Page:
The round table “Ecosystem services assessment for sustainable landscape architecture: from science to practice”, brought together leading russian experts – members of the Landscape Engineers Guild and scientists at Smart Urban Nature Lab – Viktor Matasov, Pavel Konstantinov, Vyacheslav Vasenev and others. The meeting was the continuation of a series of round tables and open lectures held since the beginning of 2020. The main goal of this collaboration is to establish effective cooperation of scientists – as theorists and architects, developers and government executives – as practitioners who directly regulate the ecosystem services policy in megacities, to create a comfortable and sustainable urban environment. During the round table, a project of a residential complex from the Moscow architectural bureau UTRO, which became the winner of a competition announced in advance for the best “green” urban development project was considered in detail.


In general, the conference widely considered advanced approaches and innovative technologies for monitoring, modeling and assessing environmental changes and risks in the life of megacities. The key attention of SSC-2020 was focused on an interdisciplinary search for solutions to the ecosystem problems of modern cities. The experts presented the most relevant results on their topics, and shared their successful experience in creating sustainable urban development projects, including the management and design of green infrastructure, waste management, sewage treatment and urban soil restoration.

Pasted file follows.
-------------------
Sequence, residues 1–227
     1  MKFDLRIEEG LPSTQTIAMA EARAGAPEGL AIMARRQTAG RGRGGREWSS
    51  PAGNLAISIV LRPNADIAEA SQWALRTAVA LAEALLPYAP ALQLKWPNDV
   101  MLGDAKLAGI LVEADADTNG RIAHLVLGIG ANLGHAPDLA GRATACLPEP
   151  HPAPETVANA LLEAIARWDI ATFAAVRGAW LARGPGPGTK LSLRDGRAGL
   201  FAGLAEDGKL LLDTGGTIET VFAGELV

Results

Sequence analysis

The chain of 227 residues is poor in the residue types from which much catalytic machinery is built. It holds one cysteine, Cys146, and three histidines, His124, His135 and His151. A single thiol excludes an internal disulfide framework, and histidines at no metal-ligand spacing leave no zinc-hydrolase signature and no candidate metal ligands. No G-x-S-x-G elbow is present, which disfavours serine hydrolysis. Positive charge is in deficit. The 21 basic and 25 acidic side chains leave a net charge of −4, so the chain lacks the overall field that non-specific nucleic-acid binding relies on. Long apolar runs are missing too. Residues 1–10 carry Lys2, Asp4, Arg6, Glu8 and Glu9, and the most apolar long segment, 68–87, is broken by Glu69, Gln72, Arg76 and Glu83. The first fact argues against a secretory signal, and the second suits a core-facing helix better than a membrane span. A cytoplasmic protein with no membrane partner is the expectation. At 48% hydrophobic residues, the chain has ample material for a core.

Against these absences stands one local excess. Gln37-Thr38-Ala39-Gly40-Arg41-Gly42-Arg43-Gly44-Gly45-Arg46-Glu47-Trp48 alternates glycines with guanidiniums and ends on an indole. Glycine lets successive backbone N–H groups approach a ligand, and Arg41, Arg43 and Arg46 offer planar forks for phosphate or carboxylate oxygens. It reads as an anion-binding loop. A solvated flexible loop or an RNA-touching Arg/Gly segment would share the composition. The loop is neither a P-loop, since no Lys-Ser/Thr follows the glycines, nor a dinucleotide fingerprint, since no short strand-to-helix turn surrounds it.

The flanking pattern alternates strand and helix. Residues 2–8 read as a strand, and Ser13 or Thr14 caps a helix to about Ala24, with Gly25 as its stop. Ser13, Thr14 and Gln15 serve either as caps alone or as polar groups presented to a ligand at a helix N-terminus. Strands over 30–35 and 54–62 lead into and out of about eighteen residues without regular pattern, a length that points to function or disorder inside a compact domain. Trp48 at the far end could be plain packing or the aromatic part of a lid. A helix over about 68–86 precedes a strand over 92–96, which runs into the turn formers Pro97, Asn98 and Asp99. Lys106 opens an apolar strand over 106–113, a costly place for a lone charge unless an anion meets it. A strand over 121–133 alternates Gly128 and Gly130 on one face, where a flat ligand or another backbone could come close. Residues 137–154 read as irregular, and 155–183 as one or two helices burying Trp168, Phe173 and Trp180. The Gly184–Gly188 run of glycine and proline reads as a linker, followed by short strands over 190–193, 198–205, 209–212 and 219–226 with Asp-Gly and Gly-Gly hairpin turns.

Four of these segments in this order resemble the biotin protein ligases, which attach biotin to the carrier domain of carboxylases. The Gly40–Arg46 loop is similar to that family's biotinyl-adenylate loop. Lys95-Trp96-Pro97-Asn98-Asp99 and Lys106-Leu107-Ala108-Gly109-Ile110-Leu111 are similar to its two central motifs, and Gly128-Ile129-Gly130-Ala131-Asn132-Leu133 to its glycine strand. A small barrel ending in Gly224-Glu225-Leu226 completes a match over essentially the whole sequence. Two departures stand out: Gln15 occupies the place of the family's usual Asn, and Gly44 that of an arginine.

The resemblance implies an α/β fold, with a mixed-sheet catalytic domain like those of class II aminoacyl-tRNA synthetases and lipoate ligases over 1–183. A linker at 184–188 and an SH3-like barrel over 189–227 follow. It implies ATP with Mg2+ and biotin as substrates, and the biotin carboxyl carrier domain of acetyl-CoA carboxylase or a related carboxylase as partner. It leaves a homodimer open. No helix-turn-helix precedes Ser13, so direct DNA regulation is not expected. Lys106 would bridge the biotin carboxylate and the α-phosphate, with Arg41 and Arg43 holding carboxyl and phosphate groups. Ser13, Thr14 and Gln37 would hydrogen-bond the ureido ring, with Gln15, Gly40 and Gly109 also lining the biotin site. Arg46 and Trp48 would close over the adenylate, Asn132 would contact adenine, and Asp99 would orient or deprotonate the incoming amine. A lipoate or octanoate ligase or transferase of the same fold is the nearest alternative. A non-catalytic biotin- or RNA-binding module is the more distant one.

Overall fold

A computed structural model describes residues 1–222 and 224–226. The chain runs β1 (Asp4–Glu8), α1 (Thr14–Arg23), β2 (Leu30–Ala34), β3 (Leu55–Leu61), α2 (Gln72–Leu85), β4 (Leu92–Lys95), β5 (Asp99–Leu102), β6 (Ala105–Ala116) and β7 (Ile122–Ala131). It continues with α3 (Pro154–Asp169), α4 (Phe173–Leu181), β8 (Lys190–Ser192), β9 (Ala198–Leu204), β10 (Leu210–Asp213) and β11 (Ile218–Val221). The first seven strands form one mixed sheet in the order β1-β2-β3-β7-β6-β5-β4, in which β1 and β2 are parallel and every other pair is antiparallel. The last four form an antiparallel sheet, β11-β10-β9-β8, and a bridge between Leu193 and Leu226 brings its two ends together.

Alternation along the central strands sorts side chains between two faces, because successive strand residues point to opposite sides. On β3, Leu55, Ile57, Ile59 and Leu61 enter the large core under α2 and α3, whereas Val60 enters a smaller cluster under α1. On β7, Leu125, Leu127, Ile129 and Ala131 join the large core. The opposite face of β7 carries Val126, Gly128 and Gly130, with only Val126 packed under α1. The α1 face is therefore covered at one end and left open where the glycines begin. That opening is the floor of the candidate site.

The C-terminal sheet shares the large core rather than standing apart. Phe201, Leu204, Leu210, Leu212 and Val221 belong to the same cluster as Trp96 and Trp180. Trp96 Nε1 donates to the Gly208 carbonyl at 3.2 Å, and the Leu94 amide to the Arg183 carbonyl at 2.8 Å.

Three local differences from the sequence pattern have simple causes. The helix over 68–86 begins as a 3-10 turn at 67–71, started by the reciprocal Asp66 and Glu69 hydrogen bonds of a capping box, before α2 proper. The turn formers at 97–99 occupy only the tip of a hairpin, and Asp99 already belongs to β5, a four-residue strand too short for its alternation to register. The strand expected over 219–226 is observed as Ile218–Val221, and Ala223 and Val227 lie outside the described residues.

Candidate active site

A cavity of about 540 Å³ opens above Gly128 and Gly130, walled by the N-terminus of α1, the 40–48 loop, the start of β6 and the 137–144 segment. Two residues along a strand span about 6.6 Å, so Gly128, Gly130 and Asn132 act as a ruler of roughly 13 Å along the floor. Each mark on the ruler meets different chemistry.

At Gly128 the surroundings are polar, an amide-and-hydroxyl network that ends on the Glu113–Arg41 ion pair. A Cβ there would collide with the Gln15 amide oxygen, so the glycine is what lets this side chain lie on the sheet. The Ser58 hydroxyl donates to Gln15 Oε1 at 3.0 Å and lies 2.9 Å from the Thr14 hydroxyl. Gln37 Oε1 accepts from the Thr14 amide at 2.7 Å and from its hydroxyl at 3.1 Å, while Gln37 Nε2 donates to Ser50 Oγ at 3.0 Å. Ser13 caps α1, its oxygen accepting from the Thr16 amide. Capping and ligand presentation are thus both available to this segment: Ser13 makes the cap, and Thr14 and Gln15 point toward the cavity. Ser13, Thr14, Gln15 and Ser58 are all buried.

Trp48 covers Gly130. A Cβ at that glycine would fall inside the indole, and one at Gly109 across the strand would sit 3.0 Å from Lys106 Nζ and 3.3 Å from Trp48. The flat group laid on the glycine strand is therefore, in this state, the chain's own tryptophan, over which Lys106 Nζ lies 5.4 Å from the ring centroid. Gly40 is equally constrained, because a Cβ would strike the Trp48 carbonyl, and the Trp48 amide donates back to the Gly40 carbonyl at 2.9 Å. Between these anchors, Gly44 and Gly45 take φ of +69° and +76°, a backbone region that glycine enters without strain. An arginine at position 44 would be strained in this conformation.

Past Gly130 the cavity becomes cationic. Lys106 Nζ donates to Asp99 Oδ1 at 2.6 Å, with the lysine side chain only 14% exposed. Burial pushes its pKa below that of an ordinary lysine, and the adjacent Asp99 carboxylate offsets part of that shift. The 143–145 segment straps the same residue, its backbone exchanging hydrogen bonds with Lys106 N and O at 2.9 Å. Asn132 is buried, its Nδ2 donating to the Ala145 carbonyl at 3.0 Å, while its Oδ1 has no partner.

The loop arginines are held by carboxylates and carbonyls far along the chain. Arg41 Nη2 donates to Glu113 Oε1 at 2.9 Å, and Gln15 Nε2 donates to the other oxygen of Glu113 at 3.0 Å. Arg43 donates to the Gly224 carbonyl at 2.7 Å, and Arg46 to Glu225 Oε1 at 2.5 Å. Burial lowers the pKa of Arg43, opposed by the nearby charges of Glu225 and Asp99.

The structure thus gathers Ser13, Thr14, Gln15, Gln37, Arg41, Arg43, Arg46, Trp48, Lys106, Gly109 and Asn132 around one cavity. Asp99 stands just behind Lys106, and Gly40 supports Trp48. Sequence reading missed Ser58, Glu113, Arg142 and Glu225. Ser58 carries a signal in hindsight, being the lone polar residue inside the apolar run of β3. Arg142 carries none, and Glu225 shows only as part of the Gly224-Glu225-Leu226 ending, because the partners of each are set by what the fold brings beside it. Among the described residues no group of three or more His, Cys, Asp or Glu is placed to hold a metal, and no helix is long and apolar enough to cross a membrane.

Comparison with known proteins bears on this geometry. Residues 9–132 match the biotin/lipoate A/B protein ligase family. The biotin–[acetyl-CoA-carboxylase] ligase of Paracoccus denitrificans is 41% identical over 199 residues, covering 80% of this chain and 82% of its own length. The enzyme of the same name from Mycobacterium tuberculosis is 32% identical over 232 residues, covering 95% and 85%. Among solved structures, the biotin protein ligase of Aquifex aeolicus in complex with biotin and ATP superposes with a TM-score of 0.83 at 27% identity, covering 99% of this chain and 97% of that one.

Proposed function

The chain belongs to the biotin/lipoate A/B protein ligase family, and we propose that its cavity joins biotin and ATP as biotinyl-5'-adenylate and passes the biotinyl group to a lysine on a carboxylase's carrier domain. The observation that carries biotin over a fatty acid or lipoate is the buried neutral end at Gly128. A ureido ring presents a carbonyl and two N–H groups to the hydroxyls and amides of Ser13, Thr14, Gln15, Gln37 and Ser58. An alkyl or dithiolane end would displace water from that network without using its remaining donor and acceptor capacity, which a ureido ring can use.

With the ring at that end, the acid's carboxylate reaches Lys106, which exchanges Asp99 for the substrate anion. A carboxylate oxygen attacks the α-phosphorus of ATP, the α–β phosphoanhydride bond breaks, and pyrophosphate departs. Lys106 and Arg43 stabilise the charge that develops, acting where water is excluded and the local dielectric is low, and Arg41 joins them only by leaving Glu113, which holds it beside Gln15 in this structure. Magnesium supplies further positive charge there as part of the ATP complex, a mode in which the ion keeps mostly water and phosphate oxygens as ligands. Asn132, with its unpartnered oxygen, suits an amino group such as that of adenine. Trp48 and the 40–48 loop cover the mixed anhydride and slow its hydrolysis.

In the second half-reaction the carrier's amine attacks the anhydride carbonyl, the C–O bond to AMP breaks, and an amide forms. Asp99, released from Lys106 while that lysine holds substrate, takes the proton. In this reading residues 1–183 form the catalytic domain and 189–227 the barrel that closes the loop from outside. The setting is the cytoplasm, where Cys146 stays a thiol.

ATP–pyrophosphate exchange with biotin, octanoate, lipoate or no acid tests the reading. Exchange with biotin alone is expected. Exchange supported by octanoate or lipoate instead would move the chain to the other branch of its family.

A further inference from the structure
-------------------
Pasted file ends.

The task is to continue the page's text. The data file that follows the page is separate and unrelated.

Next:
Luis Inostroza, Senior researcher at the Institute of Geography at the Ruhr University (Germany), as well as one of the conveners of the Assessment, modeling and mappings urban ecosystem services session, made a closing speech and thanked the organizers and all participants of SSC-2020, noting the high quality and robustness of the reports presented, also declaring the desire to continue cooperation with the Smart Urban Nature laboratory.

“We would like to get more and more acquainted with the works of Russian scientists who bring a new interdisciplinary view on the problem of ecosystem services and acquaint the world scientific community with very valuable data and an ingenious approach to solving the urgent tasks of the ecosystem service in megacities”.

This year, the Smart and Sustainable Cities conference has developed and strengthened its status as a major interdisciplinary scientific and practical event that develops both a fundamental and an applied approach to advanced technological solutions for monitoring, evaluation and management of ecosystem services as well as sustainable urban development in general.